Lehpron, was it an ex-BA pilot, if so, can you remember his name?
Goodness it was a while ago, maybe 7 years! I can say for sure he had a clear british-english accent, I'd assume ex-BA but not sure. I didn't catch his name, if I remember correctly, he dropped class within a month.
I remember him having a stocky appreance and bifocals where there was a split and when he turned to me or the instructor his head kinda pitch way up high.
Hope that helps some GDB
, again this decription is about seven years old. I live in the area of southern California, USA, I'm sure you can find out who I ran into knowing this much.
could you see Concorde flying at Mach 2 at 57,000ft, from the ground - or from a ship in the Atlantic say - even if there were no contrails...
: My guess is that this would be a little difficult if you didn't know the flightpath. If you prepared yourself with some algebra before hand, you might get lucky stealing a backshot.
For simplicity, let's make Concorde 200-feet long and the altitude in question 56000-feet. This comes to a ratio of 1:280 for length vs. hieght. Which means if you made a model of Concorde an inch long, you'd have to be looking up about 23 feet to see it, kinda small, huh?
Now it cruises at 1350mph which translates to 1980 feet per second and give us a length to speed ration of 1:9.9, almost 10 times it's length per second, that's fast. At this speed it would take thirty seconds to go through it's altitude. Scale that speed down to the 1:280 ratio and Concorde moves at about a half mile per hour.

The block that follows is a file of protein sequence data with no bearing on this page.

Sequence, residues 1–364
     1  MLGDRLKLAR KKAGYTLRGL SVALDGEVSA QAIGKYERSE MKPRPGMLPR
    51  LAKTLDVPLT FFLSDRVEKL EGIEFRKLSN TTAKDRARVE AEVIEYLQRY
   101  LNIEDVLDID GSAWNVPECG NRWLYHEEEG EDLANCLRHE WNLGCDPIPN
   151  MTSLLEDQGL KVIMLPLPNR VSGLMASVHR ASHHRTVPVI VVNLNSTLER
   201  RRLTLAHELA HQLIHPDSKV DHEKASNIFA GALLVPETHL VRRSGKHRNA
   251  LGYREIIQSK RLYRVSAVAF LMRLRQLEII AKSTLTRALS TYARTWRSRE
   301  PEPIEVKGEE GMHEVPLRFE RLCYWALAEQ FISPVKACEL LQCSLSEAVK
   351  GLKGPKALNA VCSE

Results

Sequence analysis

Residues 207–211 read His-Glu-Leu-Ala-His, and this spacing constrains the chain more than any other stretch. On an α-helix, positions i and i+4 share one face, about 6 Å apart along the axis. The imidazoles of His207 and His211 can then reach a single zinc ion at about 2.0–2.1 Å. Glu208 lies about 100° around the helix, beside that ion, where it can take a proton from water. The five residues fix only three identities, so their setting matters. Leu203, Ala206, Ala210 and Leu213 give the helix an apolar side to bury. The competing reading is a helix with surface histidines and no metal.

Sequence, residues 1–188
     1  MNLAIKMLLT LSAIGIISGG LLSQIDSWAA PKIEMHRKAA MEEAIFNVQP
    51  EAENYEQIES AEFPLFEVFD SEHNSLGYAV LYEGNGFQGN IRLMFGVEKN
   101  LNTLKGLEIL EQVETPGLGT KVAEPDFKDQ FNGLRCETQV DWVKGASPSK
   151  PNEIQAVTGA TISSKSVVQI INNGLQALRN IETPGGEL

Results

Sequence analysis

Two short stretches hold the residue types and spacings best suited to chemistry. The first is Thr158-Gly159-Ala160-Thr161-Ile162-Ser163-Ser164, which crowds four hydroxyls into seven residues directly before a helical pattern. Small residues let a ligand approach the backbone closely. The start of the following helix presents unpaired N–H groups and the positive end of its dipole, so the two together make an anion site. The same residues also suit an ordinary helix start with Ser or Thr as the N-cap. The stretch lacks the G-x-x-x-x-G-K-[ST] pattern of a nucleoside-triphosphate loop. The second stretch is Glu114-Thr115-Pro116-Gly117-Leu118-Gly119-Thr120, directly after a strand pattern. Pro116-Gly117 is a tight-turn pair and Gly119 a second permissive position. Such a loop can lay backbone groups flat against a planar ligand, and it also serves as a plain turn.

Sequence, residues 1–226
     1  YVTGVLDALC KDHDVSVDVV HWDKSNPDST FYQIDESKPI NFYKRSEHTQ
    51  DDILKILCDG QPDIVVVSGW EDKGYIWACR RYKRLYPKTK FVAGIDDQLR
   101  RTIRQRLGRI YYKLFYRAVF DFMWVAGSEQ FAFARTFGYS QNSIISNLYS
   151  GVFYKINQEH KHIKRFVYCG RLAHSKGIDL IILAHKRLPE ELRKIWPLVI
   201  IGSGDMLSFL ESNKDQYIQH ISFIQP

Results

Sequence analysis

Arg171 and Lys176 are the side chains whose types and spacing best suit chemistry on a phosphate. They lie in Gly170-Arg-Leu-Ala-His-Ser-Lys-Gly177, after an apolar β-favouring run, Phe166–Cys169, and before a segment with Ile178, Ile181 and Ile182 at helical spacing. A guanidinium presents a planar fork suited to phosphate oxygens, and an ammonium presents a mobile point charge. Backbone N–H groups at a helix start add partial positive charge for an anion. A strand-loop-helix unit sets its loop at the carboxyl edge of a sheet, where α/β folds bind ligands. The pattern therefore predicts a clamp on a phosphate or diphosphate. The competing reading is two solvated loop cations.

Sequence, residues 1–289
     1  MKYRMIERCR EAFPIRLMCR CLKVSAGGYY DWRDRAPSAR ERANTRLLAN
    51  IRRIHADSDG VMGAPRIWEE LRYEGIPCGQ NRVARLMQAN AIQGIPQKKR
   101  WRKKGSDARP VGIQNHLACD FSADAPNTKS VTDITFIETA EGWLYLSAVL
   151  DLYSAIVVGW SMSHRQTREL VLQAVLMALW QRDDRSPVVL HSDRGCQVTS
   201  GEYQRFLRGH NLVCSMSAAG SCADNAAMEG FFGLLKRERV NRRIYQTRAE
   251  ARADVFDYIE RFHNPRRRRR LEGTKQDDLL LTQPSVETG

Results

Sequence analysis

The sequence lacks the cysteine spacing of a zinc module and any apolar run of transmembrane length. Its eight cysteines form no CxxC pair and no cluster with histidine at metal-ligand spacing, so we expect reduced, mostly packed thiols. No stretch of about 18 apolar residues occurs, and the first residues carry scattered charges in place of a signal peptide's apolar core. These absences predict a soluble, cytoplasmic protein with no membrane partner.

Since it is going at M2.04, neglicting the changes in air temperature per altitude, the shockwave angle is approximately 29.3-degrees above & below horizon.
In other words, if you position your binocs or camera (preferable with a zoom) very near 30-degrees or pi/6 radians above the ocean as soon as you hear the boom, you might catch a glimpse of basically the picture posted at the top of this thread, without the afterburners on ofcourse.
(maybe even with a "dark sky" in the background)
Be warned though, by the time you hear the boom the plane is probably over 20 miles away, taking the curve of the earth into account and it could be a degree off. At that distance a degree is 600+ yards, keep your lens steady, you'll miss the plane completely! [it's bad enough to spot a white plane that high in a blue sky!]
I do this all the time here in SAN, planes fly over my house near Miramar before turning to land there. I used this scaling and ratio method to find out how high & fast they are going. Never tried with Concorde though, try and tell me what you think.
The meaning of life is curiosity; we were put on this planet to explore opportunities.